This court reviews findings of fact under a clearly erroneous standard.  Gessner v. Gessner, 487 N.W.2d 921, 923 (Minn. App. 1992).  “That the record might support findings other than those made by the trial court does not show that the court’s findings are defective.”  Vangness v. Vangness, 607 N.W.2d 468, 474 (Minn. App. 2000). 

[T]he party challenging the findings must show that despite viewing that evidence in the light most favorable to the trial court’s findings * * * the record still requires the definite and firm conviction that a mistake was made.


Id.  The district court’s award of maintenance is reviewed under an abuse of discretion standard.  Dobrin v. Dobrin, 569 N.W.2d 199, 202 (Minn. 1997). 

            In the most basic sense, the district court’s findings here are not erroneous.  The district court acknowledged that the total temporary maintenance ordered was $28,000 and that the total paid was $31,000, and recites a list of the factors it considered that led to its determination that the maintenance paid was reasonable.  Although this list is conclusory, other findings recite the relative incomes, education, training, and expenses of the parties.  The district court also made findings regarding respondent’s physical and cultural limitations, which tend to make her employment prospects more difficult. 

Appellant does not challenge these findings, but argues that the district court abused its discretion by affirming the actual payment of temporary maintenance.  The district court’s decision is not without basis in the record, nor is it against logic and facts.  See Rutten v. Rutten, 347 N.W.2d 47, 50 (Minn. 1984).  Thus, the district court did not abuse its discretion by affirming the temporary maintenance actually paid, rather than the ordered amount.

3.         Attorney Fees

“An award of attorney fees rests almost entirely within the discretion of the trial court and will not be disturbed absent a clear abuse of discretion.”  Crosby v. Crosby, 587 N.W.2d 292, 298 (Minn. App. 1998) (quotation omitted), review denied (Minn. Feb. 18, 1999).  Need-based or conduct-based attorney fees may be awarded in a dissolution action pursuant to Minn. Stat. § 518.14, subd. 1 (2002). 

Conduct-based fees may be awarded regardless of a party’s need.  Geske v. Marcolina, 624 N.W.2d 813, 818 (Minn. App. 2001).  The district court may, in its discretion, order payment of such fees if it finds that a party has “unreasonably contribute[d] to the length or expense of the proceeding.”  Minn. Stat. § 518.14, subd. 1.  The district court must identify particular conduct occurring during the litigation that contributed to the length or expense of the proceeding; bad faith is not necessary.  Geske, 624 N.W.2d at 819.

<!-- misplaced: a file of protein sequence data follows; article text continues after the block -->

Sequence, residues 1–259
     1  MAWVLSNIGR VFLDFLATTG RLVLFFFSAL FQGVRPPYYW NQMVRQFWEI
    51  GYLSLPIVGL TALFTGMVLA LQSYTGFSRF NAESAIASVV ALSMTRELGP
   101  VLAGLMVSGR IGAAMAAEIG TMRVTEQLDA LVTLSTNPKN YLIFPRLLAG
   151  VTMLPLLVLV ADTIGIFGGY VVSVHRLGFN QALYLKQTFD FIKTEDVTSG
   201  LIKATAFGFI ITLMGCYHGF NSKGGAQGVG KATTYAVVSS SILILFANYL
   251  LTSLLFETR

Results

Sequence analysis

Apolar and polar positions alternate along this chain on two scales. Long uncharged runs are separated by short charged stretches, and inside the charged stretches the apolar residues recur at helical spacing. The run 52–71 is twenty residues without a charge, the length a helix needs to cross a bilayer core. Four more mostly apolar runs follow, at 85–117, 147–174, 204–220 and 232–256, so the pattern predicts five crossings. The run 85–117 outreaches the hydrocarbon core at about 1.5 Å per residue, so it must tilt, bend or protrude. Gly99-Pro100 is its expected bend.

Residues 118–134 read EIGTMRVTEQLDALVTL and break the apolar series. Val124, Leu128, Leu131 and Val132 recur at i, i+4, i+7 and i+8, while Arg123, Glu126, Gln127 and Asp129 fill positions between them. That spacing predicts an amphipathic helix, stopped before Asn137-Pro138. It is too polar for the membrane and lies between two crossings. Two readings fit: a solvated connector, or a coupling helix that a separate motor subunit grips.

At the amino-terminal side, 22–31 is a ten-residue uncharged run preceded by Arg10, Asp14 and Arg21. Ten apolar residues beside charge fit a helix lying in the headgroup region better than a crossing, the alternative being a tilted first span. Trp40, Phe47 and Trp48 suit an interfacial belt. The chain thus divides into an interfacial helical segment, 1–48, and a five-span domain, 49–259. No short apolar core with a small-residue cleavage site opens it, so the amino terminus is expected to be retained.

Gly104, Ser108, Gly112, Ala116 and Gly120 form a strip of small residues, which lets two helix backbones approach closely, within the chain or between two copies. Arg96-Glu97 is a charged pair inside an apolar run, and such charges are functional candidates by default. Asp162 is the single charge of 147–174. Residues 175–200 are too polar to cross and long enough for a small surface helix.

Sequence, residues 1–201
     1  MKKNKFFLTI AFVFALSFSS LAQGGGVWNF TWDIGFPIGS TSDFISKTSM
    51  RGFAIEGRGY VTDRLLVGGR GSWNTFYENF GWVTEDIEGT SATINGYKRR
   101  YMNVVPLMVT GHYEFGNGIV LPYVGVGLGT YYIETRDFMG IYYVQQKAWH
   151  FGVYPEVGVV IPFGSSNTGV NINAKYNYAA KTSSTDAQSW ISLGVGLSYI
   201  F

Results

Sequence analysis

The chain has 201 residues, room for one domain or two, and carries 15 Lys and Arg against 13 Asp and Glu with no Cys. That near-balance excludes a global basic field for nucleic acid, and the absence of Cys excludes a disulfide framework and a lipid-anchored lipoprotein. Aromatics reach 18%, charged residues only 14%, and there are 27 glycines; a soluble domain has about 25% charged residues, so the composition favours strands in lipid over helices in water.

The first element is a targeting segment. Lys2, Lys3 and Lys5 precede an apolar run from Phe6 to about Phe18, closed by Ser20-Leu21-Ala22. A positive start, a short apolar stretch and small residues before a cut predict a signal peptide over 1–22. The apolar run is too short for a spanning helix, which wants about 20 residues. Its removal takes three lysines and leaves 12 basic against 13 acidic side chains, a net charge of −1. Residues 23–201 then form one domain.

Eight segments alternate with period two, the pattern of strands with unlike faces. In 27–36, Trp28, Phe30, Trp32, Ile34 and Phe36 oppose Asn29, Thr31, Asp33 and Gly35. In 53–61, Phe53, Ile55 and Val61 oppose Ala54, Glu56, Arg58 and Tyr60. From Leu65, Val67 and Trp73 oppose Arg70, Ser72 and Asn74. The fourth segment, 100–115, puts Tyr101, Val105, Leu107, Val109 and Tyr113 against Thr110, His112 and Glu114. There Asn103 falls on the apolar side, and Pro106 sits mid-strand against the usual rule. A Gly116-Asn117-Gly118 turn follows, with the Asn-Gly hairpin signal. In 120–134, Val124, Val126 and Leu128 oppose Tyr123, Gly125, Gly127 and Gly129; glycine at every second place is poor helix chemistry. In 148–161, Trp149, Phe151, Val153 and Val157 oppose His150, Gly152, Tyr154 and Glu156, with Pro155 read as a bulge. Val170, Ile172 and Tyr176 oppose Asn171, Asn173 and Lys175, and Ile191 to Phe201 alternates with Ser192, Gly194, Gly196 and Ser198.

Here, the district court found that

an award of conduct-based fees is appropriate in this case in light of the fact that [appellant’s] conduct unreasonably contributed to the length and expense of this proceeding.  [Appellant] has taken virtually every tactic to delay this proceeding and has failed and refused to abide by the Court’s Orders.  [Respondent] has had to bring numerous motions to compel discovery, numerous motions for contempt of court and a motion to freeze the parties’ accounts.  In addition, because of [appellant’s] refusal to provide information regarding his employment, wages and financial accounts, [respondent] was forced to expend substantial amounts of time and money subpoenaing records which [appellant] could have obtained for free.


In light of these findings, amply supported by the record, the district court did not abuse its discretion by awarding conduct-based attorney fees.

            4.         Permanent Maintenance

            By notice of review, respondent argues that the district court abused its discretion by failing to award her permanent maintenance.  The district court has broad discretion in matters involving maintenance, and in order for the reviewing court to find an abuse of discretion, “there must be a clearly erroneous conclusion that is against logic and the facts on record.”  Dobrin, 569 N.W.2d at 202 (citing Rutten, 347 N.W.2d at 50). 

The district court must base a maintenance award on the statutory factors found at Minn. Stat. § 518.552, subd. 2 (2002).  These factors include (1) the relative financial resources of the parties, including marital property received; (2) a party’s need for education or retraining over what period of time; (3) the standard of living during the marriage; (4) the duration of the marriage and any absence from employment during the marriage; (5) the loss of employment opportunities; and (6) the age and physical and emotional health of the parties.  Id.  Maintenance findings will not be set aside unless clearly erroneous.  Chamberlain v. Chamberlain, 615 N.W.2d 405, 409 (Minn. App. 2000), review denied (Minn. Oct. 25, 2000).

            The district court found that respondent has health, emotional, and cultural limitations that impair her ability to find work, that her job prospects were poor and appellant’s were good, that the parties enjoyed a high standard of living, and that respondent’s expenses exceeded her income.  But the court also made findings to support its decision to deny an award of maintenance.  Specifically, it found that respondent (1) was employed before the marriage and worked continuously throughout the marriage; (2) holds advanced degrees in two subject areas from Indian universities that are essentially equivalent to American degrees; (3) is able, despite her limitations, to find jobs that she is eligible to hold; and (4) is significantly underemployed.  Respondent did not lose job opportunities because of the marriage or because she acted solely as a homemaker, and has worked continuously within her degree areas.  Further, the marriage lasted for only five years, a relatively short duration, respondent did not forego opportunities in order to support appellant or raise children, and she received a relatively generous marital property settlement.

            The record supports these findings as not clearly erroneous and supports the district court’s decision denying an award of permanent maintenance.  The district court has not abused its discretion in refusing to award permanent maintenance.


[1] This court has concluded that in the marital dissolution context, parties have an affirmative duty to disclose the existence of marital assets.  Doering. v. Doering, 629 N.W.2d 124, 131 (Minn. App. 2001) (“[T]here is no requirement that the moving party show that he requested the information that was not disclosed; the duty to disclose exists in the absence of such a request.”), review denied (Minn. Sept. 11, 2001).